Papua New Guinea Must Act Now to Cancel SABL Land Leases and Return Land to Local Communities
For Immediate Release
June 30, 2014
Maureen Penjueli, Pacific Network on Globalisation + (679) 3316722, [email protected]
Rosa Koian, Bismarck Ramu Group, + (675) 4233011, rkoi[email protected]
Oakland, California – The Oakland Institute, the Pacific Network on Globalization (PANG), and the Bismark Ramu Group welcome the announcement by Prime Minister Peter O’Neill that Papua New Guinea will cancel all illegally issued Special Agricultural Business Leases (SABLs) and abolish the provisions of the Land Act that allow for SABLs to be granted. SABLs have resulted in more than 5.5 million hectares of land in Papua New Guinea being taken over by foreign corporations. The SABL mechanism has allowed logging companies to lease customarily-owned land through the guise of developing agricultural projects, which merely serve as fronts for unlawful logging operations that destroy the environment and devastate local communities. The Prime Minister’s decision refers to the investigation by the Commission of Inquiry (COI), which determined that the majority of the leases were in flagrant infringement of laws and fraught with abuse and corruption.
“While we are pleased by the recent turn of events, we remain concerned that only 28 out of the 42 SABLs investigated by the COI will be revoked, when most of them were declared illegal by the COI,” said Maureen Penjueli, PANG’s Executive Director.
“It has taken one year since the release of the COI report in June 2013 for the Prime Minister to make this announcement and still no deadline has been set for the implementation of the decision. Papua New Guineans have good reasons to be doubtful about the actual willingness of the government to act,” said Frédéric Mousseau, Policy Director at the Oakland Institute.“ If O’Neill’s administration wants to follow through on their word, then it needs to act swiftly to revoke all illegal leases, cease all illegal logging, and restore the land to the rightful communities,” he continued.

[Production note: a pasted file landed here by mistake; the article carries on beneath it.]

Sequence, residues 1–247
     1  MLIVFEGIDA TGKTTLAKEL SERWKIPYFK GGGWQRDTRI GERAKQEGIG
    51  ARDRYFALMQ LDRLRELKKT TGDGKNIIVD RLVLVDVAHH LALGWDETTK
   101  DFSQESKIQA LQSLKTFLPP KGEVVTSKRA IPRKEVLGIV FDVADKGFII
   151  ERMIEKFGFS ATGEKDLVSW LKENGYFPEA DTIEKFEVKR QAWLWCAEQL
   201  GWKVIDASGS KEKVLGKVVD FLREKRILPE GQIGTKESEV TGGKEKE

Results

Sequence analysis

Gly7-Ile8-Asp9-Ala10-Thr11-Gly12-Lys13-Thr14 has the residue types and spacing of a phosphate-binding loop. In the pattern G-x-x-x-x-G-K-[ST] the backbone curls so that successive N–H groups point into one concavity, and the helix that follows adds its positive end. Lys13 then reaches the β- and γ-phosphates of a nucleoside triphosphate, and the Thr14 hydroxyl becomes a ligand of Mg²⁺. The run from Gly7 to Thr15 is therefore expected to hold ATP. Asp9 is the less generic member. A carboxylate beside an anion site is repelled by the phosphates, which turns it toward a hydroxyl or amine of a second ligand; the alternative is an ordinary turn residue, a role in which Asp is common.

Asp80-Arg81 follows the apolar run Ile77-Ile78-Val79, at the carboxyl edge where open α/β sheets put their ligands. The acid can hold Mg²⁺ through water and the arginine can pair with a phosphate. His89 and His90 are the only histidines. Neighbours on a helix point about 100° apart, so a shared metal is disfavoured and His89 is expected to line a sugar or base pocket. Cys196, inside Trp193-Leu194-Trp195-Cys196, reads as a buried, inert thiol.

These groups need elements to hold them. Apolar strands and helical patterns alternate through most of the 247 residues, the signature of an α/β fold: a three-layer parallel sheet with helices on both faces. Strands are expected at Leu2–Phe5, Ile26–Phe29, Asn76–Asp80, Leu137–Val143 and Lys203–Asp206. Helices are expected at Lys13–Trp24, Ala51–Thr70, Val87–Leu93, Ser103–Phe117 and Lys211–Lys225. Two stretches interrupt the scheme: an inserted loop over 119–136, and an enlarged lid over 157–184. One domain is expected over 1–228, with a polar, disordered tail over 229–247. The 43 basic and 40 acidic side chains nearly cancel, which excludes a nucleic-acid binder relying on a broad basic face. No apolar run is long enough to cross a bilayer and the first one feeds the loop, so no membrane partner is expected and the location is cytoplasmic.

The Oakland Institute, PANG, and the Bismark Ramu Group are calling on the PNG government to ensure that the rule of law is restored to impacted communities and that they will no longer be threatened by corrupt legal authorities or logging companies. Lastly, the cancellation of the leases is not sufficient. The communities who have been moved off of their land, seen their forests and livelihoods destroyed, and suffered abuses at the hands of logging companies and police forces must be fairly compensated.
“The PNG government needs to be held accountable to its word. In order to bring about real welfare improvement and economic development, the Prime Minister needs to right previous injustices to demonstrate that the nation is not at the whim of foreign corporate interests,” said Rosa Koian of the Bismark Ramu Group.
For more information see:
On Our Land report and film by the Oakland Institute and PANG, 2013. http://www.oaklandinstitute.org/sites/oaklandinstitute.org/files/OI_Report_On_Our_Land.pdf
Final Report of the Commission of Inquiry into the Special Agriculture and Business Lease (SABL), June 24, 2013. http://www.coi.gov.pg/documents/COI%20SABL/Numapo%20SABL%20Final%20Report.pdf
“NEC scraps the controversial SABL leases after months of waiting.” PNG Loop, June 19, 2014. http://www.pngloop.com/2014/06/19/nec-scraps-controversial-sabl-leases-months-waiting/
Prime Minister’s Media Unit Office, “PM: We will reclaim land lost to illegal SABLs.” June 18, 2014.